On Ash Wednesday, Joe Biden urged Americans to hold in prayer those who have suffered from the Covid-19 pandemic while “look[ing] with hope and anticipation toward Easter and brighter days ahead.”
The bishops were divided on how to approach Joe Biden. It’s not the first time a dispute has gone public.
Public disagreements among the U.S. bishop are rare but not unprecedented. A contentious debate about the church and AIDS in 1987 is perhaps the situation most similar to the divisions over how to welcome President Biden.
Whenever dioceses choose to lift dispensations, like with other difficult pandemic-related decisions, individual believers will have to decide for themselves when they feel safe going back to church.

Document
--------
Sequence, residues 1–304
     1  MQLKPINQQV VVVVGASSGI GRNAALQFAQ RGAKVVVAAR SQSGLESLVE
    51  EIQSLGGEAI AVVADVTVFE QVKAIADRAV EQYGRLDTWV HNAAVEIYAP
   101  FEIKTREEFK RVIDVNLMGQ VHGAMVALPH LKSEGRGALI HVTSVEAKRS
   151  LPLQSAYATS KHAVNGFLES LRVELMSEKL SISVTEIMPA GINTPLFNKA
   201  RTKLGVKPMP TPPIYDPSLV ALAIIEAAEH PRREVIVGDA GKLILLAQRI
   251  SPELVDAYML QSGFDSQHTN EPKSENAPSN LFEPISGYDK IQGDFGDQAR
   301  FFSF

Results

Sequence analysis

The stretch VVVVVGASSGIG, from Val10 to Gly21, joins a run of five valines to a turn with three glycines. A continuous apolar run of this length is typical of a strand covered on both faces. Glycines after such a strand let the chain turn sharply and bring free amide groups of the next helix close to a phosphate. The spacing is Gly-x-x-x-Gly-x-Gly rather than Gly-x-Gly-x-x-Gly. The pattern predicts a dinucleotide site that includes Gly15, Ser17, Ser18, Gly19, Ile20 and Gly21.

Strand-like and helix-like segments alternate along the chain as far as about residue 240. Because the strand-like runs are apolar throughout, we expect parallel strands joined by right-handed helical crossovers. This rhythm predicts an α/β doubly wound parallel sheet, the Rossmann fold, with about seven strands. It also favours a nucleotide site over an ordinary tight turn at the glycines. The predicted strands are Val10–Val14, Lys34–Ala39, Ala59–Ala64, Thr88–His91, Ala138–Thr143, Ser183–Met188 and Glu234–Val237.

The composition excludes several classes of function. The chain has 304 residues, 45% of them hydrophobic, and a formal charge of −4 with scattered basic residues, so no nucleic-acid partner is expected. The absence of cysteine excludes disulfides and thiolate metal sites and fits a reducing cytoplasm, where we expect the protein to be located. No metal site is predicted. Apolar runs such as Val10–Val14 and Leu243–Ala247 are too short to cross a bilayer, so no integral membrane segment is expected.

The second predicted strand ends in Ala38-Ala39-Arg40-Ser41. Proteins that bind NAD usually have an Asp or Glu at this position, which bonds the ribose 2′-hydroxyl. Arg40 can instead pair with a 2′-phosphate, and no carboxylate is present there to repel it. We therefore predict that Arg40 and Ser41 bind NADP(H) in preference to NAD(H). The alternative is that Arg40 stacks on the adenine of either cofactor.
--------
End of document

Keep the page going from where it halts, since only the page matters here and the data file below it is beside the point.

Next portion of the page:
A group of U.S. Catholic bishops, including a cardinal and an archbishop, have signed a statement of support for L.G.B.T. youth, telling them, “God created you, God loves you and God is on your side.”
Archbishop Jose Gomez, president of the U.S.C.C.B., wished the new president well, but he also condemned the nation’s second Catholic president’s support for abortion rights.
Hours before his inauguration, President-elect Joe Biden, his family, friends and congressional leaders of both parties gathered for Mass at the Cathedral of St. Matthew the Apostle.
With days left in President Trump’s term, Sister Susan Francois has followed through on her pledge to post a daily prayer, even if they have become a bit more assertive after the violent storming of the U.S. Capitol.
Samantha Power, Joe Biden’s pick to head up humanitarian aid, is a fan of Pope Francis and Dorothy Day
Ms. Power, a Pulitzer Prize-winning author and human rights advocate, served as a co-chair of Mr. Biden’s Catholic outreach group.